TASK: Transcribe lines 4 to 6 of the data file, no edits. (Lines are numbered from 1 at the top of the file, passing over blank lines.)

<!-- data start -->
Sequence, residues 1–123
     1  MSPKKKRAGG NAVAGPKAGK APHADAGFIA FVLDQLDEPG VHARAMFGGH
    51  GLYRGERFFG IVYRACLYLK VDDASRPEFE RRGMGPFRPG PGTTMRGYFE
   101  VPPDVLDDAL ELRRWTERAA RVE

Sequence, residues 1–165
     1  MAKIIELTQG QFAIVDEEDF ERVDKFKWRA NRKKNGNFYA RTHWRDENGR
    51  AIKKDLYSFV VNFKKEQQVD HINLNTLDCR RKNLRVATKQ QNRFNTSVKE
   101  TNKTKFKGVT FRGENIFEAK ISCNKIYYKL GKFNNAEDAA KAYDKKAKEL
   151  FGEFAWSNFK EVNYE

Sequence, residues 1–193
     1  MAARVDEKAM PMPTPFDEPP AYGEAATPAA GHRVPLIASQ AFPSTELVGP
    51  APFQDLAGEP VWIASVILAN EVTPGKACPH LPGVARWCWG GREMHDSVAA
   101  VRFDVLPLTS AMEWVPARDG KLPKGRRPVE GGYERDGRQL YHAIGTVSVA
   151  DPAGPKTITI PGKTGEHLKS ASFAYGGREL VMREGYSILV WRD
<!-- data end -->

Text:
   101  VPPDVLDDAL ELRRWTERAA RVE

Sequence, residues 1–165
     1  MAKIIELTQG QFAIVDEEDF ERVDKFKWRA NRKKNGNFYA RTHWRDENGR